Breastfed babies have fewer antibiotic-resistant bacteria in their guts because 'sugars from a mother's milk feed good bacteria'

Breastfed babies have fewer antibiotic-resistant bacteria in their guts because 'sugars from a mother's milk feed good bacteria'

Originally published on Daily Mail Australia

Babies who are breastfed for six months have fewer antibiotic-resistant bacteria in their guts, according to a study.

Sugars in breast milk are thought to feed 'good bacteria', which prevent antibiotic-resistant bugs from becoming established in the gut.

The results of the Finnish study, revealed today, add to the catalogue of known breastfeeding benefits. 

Experts have previously warned antibiotic resistance poses as big a risk as terrorism and even global warming.

In the largest study of its kind, the Helsinki University researchers analysed the genes of 16 mothers and their babies over eight months.

This involved sequencing the DNA of a total of 96 samples, including breast milk, and faeces from both the women and their infants.

Results showed babies who are breastfed for at least six months have less antibiotic-resistant bacteria in their guts than those who are breastfed for less time or not at all.

'The results suggest that early termination of breastfeeding might have negative health effects for infants,' the scientists wrote. 

The team, led by Katariina Pärnäne, said this was 'due to an increased resistance potential of the gut microbiota against certain antibiotics'. 

She added: 'We have already known that breastfeeding is all in all healthy and good for the baby.

'But we [have] now discovered that it also reduces the number of bacteria resistant to antibiotics.'

The World Health Organization recommends women exclusively breastfeed for the first six months of a baby's life.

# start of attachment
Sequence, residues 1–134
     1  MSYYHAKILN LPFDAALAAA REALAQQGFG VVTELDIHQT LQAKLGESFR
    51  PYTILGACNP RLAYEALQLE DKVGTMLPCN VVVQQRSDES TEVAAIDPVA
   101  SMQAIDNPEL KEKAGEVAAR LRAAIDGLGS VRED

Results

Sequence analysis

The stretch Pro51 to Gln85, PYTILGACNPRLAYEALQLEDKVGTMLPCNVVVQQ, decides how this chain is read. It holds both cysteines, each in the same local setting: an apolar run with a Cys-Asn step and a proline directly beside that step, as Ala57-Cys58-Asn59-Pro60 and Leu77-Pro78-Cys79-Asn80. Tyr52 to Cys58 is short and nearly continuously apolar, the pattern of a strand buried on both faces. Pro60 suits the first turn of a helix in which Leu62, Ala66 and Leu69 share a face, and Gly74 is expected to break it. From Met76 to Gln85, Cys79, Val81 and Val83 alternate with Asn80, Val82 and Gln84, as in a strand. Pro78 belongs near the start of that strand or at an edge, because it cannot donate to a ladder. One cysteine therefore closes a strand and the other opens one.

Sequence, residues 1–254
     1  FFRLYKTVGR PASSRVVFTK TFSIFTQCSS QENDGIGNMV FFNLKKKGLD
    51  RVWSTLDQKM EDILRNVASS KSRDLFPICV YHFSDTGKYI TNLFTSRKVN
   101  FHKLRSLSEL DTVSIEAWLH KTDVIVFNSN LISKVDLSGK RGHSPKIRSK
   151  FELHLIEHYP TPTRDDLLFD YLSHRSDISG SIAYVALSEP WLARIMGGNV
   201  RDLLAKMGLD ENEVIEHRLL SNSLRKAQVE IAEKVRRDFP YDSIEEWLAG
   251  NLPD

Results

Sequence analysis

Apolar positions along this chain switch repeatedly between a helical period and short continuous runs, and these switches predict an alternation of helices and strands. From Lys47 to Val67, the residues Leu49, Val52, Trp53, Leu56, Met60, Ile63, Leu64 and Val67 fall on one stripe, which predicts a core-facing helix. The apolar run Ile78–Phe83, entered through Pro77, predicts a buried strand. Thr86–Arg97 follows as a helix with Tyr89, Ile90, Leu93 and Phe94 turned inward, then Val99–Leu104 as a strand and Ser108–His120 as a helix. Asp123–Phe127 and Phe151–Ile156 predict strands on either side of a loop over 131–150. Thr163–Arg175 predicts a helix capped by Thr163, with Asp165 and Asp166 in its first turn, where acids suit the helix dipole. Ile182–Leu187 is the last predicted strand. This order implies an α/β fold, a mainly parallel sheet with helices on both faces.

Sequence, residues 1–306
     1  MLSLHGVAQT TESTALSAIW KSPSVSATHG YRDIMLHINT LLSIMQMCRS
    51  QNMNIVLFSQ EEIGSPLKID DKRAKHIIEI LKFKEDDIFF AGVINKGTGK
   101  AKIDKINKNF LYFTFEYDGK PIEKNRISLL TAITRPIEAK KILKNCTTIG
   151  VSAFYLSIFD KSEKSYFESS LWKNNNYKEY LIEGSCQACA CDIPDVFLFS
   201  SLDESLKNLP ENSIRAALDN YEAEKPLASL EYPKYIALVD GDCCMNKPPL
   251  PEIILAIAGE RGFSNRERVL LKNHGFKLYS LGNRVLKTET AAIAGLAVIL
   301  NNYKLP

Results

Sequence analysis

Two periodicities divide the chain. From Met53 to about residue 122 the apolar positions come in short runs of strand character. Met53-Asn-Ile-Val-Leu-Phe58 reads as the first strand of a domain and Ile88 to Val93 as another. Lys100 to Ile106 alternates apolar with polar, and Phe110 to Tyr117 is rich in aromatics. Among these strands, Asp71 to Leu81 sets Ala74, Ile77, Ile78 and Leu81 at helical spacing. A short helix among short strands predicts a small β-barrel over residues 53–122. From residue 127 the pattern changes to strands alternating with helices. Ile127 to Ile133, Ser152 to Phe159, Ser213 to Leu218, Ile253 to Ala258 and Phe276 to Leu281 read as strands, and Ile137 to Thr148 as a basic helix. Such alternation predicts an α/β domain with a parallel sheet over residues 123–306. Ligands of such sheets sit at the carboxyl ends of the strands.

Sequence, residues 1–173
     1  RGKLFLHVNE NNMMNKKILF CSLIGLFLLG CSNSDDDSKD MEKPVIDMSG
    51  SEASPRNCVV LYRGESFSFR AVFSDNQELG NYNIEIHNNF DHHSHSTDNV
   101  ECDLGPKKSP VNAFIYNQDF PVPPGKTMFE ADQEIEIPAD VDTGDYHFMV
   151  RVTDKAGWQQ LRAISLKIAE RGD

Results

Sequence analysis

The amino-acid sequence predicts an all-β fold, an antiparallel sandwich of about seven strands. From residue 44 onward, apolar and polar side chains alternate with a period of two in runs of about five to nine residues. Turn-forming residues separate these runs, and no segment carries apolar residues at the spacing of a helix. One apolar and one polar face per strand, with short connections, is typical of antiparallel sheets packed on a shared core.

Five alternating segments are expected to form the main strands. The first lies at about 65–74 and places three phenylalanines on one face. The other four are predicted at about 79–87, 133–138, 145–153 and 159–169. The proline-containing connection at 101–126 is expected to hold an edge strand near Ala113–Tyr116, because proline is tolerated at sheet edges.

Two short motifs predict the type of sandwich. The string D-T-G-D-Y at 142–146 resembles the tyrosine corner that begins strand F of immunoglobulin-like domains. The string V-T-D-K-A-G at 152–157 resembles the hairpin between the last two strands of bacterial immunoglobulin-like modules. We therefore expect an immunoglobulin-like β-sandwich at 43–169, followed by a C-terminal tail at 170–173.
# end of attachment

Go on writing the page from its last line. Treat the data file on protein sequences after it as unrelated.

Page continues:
The study, published in the journal Nature Communications, also found women can actually transfer their own resistant bacteria to their children via their breast milk.

But overall, breastfeeding still helps to reduce the amount of harmful bacteria in a baby's gut, the research found.

'As a general rule, it could be said that all breastfeeding is for the better,' Ms Pärnänen said.

'The positive effect of breastfeeding was identifiable also in infants who were given formula in addition to breast milk. ' 

As well as focusing on breastfeeding, the study also revealed babies whose mothers were given preventative antibiotics during childbirth are more likely to carry antibiotic-resistant genes. 

These antibiotics may be given if a woman tests positive for a group B strep infection, which she may pass on to her child, or if her waters break early. 

'We cannot advise that mothers should not be given antibiotics during delivery,' Ms Pärnänen said.

'The consequences of infection for both mother and infant are potentially serious. 

'What we can state is our findings and physicians can use them to consider whether practices should be changed or not.'

Babies are particularly at risk of antibiotic resistance due to their immune systems being less developed than adults'.

Around 214,000 infants die every year around the world due to sepsis caused by antibiotic-resistant pathogens. 

'Babies are more likely to suffer from this than adults, even if the babies have never been given antibiotics,' Ms Pärnänen added. 

Among adults, resistant pathogens are expected to kill more people than cancer by 2050.

The Scottish microbiologist Alexander Fleming discovered penicillin, the first antibiotic, in 1928.

Fleming's discovery allowed doctors to treat and cure infected patients, saving millions of lives.

Yet, less than a century after Fleming's discovery, there are precious few antibiotics left and many superbugs are already resistant to all of them. 

Figures suggest up to 50,000 people die each year due to antibiotic-resistant infections in Europe and the US alone. 

Globally, at least 700,000 people pass away annually due to antibiotic-resistance complications from illnesses such as malaria, AIDS and tuberculosis. 

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